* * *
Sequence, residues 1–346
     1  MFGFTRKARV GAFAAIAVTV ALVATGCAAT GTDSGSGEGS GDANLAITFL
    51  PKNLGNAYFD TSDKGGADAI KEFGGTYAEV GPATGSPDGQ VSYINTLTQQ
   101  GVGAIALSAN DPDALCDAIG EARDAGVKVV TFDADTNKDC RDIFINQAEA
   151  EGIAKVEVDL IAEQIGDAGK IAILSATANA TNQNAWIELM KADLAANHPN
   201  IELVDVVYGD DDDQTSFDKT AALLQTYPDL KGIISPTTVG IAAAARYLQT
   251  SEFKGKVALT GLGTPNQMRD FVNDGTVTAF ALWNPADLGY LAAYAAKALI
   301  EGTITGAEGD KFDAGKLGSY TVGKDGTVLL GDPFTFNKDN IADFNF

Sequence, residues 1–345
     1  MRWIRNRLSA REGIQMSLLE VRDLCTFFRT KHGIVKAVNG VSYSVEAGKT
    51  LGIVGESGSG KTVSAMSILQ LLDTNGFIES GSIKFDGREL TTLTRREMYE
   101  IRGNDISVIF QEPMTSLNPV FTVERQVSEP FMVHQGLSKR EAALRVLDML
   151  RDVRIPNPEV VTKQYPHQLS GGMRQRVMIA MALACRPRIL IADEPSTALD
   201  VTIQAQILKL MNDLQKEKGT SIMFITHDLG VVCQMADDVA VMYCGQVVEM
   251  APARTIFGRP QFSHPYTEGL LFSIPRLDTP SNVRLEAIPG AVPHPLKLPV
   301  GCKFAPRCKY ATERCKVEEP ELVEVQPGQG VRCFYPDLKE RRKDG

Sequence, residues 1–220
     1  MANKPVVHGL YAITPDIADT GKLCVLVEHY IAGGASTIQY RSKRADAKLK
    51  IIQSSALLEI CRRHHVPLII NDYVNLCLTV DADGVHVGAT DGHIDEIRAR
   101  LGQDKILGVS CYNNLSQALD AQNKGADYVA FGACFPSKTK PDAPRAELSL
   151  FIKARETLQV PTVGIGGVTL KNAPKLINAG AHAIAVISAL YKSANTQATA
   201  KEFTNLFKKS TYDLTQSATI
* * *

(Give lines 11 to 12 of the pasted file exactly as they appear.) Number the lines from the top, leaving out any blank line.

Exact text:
    51  LGIVGESGSG KTVSAMSILQ LLDTNGFIES GSIKFDGREL TTLTRREMYE
   101  IRGNDISVIF QEPMTSLNPV FTVERQVSEP FMVHQGLSKR EAALRVLDML